Seeking advice, Sali Hughes was my first port of call, as I love the Saturday Guardian. So when my mother in law called in yesterday with a copy of About Face for my birthday, I thought damn, I wish it was Pretty Honest. Howandsoever, after on flicking through a few pages, I realised I was an (ungrateful)eejit.
My goodness, it is so, so lovely to read about what is available here in Ireland. Having grown up in the seventies and eighties in Dublin, I am well used to the "not available in Rep. of Ireland" on the side of cereal packets(yes, I was deprived - no Tony the Tiger t-shirt for me!) and knowing no matter what I created, getting a Blue Peter Badge was never, ever going to happen. I know things are different now but still, if I was reading Pretty Honest I'd be finding out about serums in in Superdrug or some great facialist in West London and other stuff that I just cannot have.
Anyways, last night I spent a blissful half hour browsing this while cuddled up beside my youngest, waiting for him to fall asleep. And another this morning with my post-school-drop-off-coffee, and another this afternoon,because there is no homework on Friday and this book is well written and great and exactly what I felt like reading on a Friday afternoon. Its sort of the opposite of when you ask the advice of a cosmetic counter lady and they say "Do you want to tackle your redness, wrinkles or dry patches?" As in, after reading I felt, hmmm, I could try that, as opposed to shoot me. Now. (I've written about my other beauty adventures here.)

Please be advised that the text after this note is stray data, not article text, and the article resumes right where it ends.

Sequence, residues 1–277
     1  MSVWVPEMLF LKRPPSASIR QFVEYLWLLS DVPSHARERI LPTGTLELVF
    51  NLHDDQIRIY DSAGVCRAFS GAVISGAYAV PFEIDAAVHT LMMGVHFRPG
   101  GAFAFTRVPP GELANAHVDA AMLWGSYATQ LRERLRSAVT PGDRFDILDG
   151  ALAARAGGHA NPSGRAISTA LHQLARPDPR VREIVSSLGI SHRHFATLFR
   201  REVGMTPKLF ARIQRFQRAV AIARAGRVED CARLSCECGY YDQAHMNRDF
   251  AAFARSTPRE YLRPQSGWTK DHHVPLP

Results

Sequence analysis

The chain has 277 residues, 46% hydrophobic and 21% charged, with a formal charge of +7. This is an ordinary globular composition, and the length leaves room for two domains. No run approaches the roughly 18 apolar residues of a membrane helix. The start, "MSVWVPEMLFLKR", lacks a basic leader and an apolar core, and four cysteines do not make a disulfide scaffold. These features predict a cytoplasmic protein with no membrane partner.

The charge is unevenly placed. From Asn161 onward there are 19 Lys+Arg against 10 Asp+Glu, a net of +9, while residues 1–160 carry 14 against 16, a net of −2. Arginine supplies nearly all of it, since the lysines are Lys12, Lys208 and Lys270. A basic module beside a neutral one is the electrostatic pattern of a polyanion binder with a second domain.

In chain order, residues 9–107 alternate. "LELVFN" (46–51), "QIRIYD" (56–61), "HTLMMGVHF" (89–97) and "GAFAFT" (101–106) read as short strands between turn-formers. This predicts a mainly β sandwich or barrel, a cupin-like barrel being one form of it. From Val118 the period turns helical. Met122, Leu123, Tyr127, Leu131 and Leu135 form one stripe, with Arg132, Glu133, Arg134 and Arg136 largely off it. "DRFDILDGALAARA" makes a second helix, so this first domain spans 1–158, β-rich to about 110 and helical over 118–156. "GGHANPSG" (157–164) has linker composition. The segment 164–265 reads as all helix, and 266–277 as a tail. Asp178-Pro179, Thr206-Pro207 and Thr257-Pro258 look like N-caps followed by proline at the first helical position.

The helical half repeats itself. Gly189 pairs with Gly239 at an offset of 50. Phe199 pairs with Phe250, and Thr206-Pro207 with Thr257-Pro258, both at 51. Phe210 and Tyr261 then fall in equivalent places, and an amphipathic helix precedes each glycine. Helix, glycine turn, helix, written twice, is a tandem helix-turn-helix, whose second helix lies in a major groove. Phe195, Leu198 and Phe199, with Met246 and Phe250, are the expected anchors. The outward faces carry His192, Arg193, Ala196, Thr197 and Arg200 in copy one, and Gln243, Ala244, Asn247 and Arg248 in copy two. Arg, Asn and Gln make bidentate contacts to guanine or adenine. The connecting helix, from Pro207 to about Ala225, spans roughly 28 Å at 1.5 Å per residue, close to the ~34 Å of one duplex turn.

A useful, funny, not depressing(even if you have just turned 47!) read.
Now, there is no shortage of kids books about cuddly brown bears(I've just noticed the Berenstains above. We LOVE the Berenstains!) and their offspring. It seems to be a theme no publisher will turn away, and it shows. Not all of them are great. Still, we do love Whatever Next! and Can't you Sleep, Little Bear?
But this Little Bear, first published in 1957 must be one of the first of the bunch.
It is a must buy, really it is. Illustrated by Maurice Sendak and perfectly, simply, so kindly written by Else H. Minarik, this book is a small and perfect gem.
Officially its an I Can Read book, and there is lots of word repetition, so it works that way. But really, what you get here for around €4 is a beautifully illustrated set of wonderful stories. For boys and girls aged three to six.